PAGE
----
Assistant coach Sanjay Bangar, bowling coach Bharat Arun and fielding coach R Sridhar have all spent close to five years with the squad. They came in as a team and have stayed together, barring the Kumble reign when only Bangar and Sridhar were around.


Same Old Same Old

Despite this consistency in the staff’s tenure, the fact is we have had the same issues to deal with for five years: number four in ODIs, openers in Tests, choice of Test ‘keepers and ideal bowling combination in all formats.

We do not seem to be getting any closer to the answers.

We cannot continue to spend the next four years looking for the same answers in ODIs and Tests for example with the same set of players who will only keep ageing.

Shastri is a great motivator who talks up his charges and is generally positive about everything. But sometimes sides need a bit more than that.

A side like India ideally needs someone who is the nuts and bolts man, who is looking at the finer details. It could well be by looking at data, talents and generally being willing to get his/her hands dirty.

With a newer lot of players set to come into the Indian sides in all three formats, perhaps it is ideal for a fresh approach to be followed.

Need Another John Wright

The last man who would be keen to get his hands dirty was certainly India’s first full-time foreign coach John Wright. His tenure was the longest for an India coach till Shastri just recently outlasted him.

Wright would attend selection committee meetings, stay in Mumbai, voice his opinions, watch domestic cricket and keep himself informed.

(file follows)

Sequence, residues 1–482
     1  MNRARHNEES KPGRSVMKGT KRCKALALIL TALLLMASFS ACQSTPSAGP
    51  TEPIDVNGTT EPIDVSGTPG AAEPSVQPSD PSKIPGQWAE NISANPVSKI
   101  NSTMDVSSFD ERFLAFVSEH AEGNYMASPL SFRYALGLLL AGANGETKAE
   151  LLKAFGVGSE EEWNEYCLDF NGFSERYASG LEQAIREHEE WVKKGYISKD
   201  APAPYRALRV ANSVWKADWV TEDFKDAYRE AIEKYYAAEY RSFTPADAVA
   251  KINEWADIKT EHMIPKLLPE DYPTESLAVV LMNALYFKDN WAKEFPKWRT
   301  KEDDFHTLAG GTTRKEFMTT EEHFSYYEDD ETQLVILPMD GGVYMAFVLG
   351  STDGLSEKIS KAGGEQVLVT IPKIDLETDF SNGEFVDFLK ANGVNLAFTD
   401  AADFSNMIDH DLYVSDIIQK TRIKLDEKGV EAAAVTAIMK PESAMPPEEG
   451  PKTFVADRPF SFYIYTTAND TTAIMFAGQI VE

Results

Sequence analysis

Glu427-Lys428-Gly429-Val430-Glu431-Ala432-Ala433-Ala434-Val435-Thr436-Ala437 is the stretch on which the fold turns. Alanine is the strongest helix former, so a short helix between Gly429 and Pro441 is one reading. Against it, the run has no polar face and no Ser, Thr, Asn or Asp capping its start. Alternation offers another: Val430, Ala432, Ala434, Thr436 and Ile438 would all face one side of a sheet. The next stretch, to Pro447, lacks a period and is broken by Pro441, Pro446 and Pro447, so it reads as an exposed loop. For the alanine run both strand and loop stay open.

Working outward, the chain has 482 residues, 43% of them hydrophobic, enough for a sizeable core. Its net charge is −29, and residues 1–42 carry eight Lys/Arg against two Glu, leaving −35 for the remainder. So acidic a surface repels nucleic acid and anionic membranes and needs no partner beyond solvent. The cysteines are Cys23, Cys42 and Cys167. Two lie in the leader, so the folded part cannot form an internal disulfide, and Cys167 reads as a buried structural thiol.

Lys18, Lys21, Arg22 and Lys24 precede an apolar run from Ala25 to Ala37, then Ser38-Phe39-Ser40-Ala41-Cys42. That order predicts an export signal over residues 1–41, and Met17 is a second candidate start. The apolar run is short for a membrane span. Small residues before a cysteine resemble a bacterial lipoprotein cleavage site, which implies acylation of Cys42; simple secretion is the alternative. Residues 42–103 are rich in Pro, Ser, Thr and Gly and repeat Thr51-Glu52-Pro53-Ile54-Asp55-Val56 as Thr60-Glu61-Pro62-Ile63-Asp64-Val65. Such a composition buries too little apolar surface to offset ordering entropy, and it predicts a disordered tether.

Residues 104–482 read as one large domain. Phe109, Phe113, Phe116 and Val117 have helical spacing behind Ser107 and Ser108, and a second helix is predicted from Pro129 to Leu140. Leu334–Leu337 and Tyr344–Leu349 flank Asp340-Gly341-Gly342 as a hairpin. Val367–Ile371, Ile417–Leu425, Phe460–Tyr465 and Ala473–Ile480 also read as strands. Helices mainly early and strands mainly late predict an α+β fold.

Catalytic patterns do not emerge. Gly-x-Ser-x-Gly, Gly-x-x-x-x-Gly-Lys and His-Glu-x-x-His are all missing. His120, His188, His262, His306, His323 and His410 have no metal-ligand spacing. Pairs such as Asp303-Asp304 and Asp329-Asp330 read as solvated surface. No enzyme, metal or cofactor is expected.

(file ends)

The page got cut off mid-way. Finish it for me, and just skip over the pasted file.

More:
He never got the support staff he wanted, but set up a system that has worked thus far. Greg Chappell was happy camping in Bangalore, but was keen to take on the system too soon. Gary Kirsten and Duncan Fletcher had quiet tenures, but took the first flight to Cape Town whenever there was a break.

India should ideally go back to the Wright formula because with the pool increasing it is time for a quiet background coach to emerge, ideally from abroad. With the new Head of Cricket at the National Cricket Academy (NCA), Rahul Dravid providing support, the Head Coach will have valuable ground level inputs.


Every Game Vital

With a World Test Championship starting next month and the ODI league starting in May 2020, every bilateral ODI or Test will have a context going forward. The only place you can afford to experiment could well be in the bilateral T20 Internationals. So while the focus may be the T20 World Cup in 2020, the fact is every Test or ODI going forward will have something riding on it. That would mean a wider pool of players with specialists in every format.

Maybe it will be the ideal time to probably trial having not just separate captains, but separate coaches like England have just tried. But then we are usually late to adopt a system followed by other cricket sides, because we believe that we are always right till proven wrong.

(At The Quint, we are answerable only to our audience. Play an active role in shaping our journalism by becoming a member. Because the truth is worth it.)